Futures lower as North Korea tensions linger

Paterniano Del Favero
Agosto 13, 2017

Weaker-than-expected consumer price data for last month led investors to bet that benign inflation would keep the US Federal Reserve from raising rates again this year.

The New York stock Exchange showed Friday, a slight resurgence of optimism even if the situation is diplomatic does not improve much between the two countries.

While the data gave investors appetite for growth sectors such as information technology and biotechnology it soured them to rate-sensitive stocks such as banks, said Keith Lerner, Chief Market Strategist, SunTrust Advisory services in Atlanta.

Brokers estimate that 40 % probability of a rate increase in December, according to the contracts stock futures on the federal funds.

Amid the hot rhetoric, US stocks sold off sharply on Thursday, with the S&P 500 falling more than 1 percent.

"There's not a great incentive to buy big". BNY Mellon FX strategist Neil Mellor told Reuters that in recent years, "the market hasn't really reacted to things on the Korean Peninsula" because in the past "it [has been] largely North Korean sabre-rattling".

The Dow Jones Industrial Average rose 14.31 points, or 0.07 per cent, to end at 21,858.32, the S&P 500 gained 3.11 points, or 0.13 per cent, to 2,441.32 and the Nasdaq Composite added 39.68 points, or 0.64 per cent, to 6,256.56.

The CBOE Volatility Index, better known as the VIX and the most widely followed barometer of expected near-term stock market volatility, rose the most in about 12 weeks.The index ended up 4.93 points at 16.04, the highest level since November 8, when Trump was elected president.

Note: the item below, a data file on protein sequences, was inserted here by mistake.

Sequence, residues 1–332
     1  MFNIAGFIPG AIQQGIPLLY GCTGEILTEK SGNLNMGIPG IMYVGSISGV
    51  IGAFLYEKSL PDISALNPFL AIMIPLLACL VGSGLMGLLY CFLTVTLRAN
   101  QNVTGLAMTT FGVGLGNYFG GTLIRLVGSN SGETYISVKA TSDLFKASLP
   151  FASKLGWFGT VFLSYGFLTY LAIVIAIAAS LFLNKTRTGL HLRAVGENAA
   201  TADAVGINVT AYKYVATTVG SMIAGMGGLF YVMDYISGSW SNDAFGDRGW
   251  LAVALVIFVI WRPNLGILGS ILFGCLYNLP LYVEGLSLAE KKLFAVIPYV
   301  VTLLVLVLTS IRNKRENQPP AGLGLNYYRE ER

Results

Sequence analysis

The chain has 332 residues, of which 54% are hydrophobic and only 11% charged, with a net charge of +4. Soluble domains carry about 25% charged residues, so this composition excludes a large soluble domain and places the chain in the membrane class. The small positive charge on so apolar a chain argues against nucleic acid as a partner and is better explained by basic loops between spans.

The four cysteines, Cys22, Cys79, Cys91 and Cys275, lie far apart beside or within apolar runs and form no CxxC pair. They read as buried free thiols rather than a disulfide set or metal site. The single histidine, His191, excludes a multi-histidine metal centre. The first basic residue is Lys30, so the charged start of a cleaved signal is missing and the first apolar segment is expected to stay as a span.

Wall Street's fear gauge - the CBOE Volatility Index or the VIX - surged 44%, its second-biggest one-day jump of the year.

South Korea's KOSPI fell 1.7 per cent on Friday to its lowest since May 24, but its losses for the week were a relatively modest 3.2 per cent.

A Reuters Datastream index of more than 7,000 stocks across the globe saw its market capitalisation drop from a record high US$61.36 trillion on Monday to US$60.43 trillion at the close on Thursday.

"While it appears that Pyongyang's detailed strike plan against Guam has created a sour backdrop to trading, it's worth noting that US/North Korea tensions aren't having quite the same effect on the DAX and CAC", said Spreadex analyst Connor Campbell.

The yen on Friday added to a strong weekly rally against the dollar of close to 1.5 percent, hitting its highest versus the greenback in nearly four months, at 108.73 yen.

Investors have also headed to other traditional havens, such as the Swiss franc and the Japanese yen.

The Dow Jones industrial average closed up 14 points, a gain of 0.07 percent, the Nasdaq composite rose almost 40 points or 0.64 percent and the S&P 500 gained 3 points or 0.13 percent.

"From a geopolitical perspective, we understand why the escalation in tensions will have shaken some of the complacency out of investors", said Eric Wiegand, senior portfolio manager at U.S. Bank Private Client Wealth Management.

The data comes amid tepid inflation that has remained below the Fed's 2% target, despite low unemployment.

The dollar index fell 0.3 percent, with the euro up 0.36 percent to $1.1812.

London's FTSE 100 dipped by about 90 points, or more than 1%, in morning trading on Friday, adding to a slump of more than 100 points the day before and taking it to its lowest level since May.

And in a textbook-type cross-asset move toward safety in times of trouble, the Japanese yen hit an eight-week high against the US dollar while spot gold also reached a two-month high. Its weekly gain of 2.6 percent is the largest since June 2016.

Ongoing global glut concerns lingered in oil markets despite a bigger-than-expected draw in US crude inventories.

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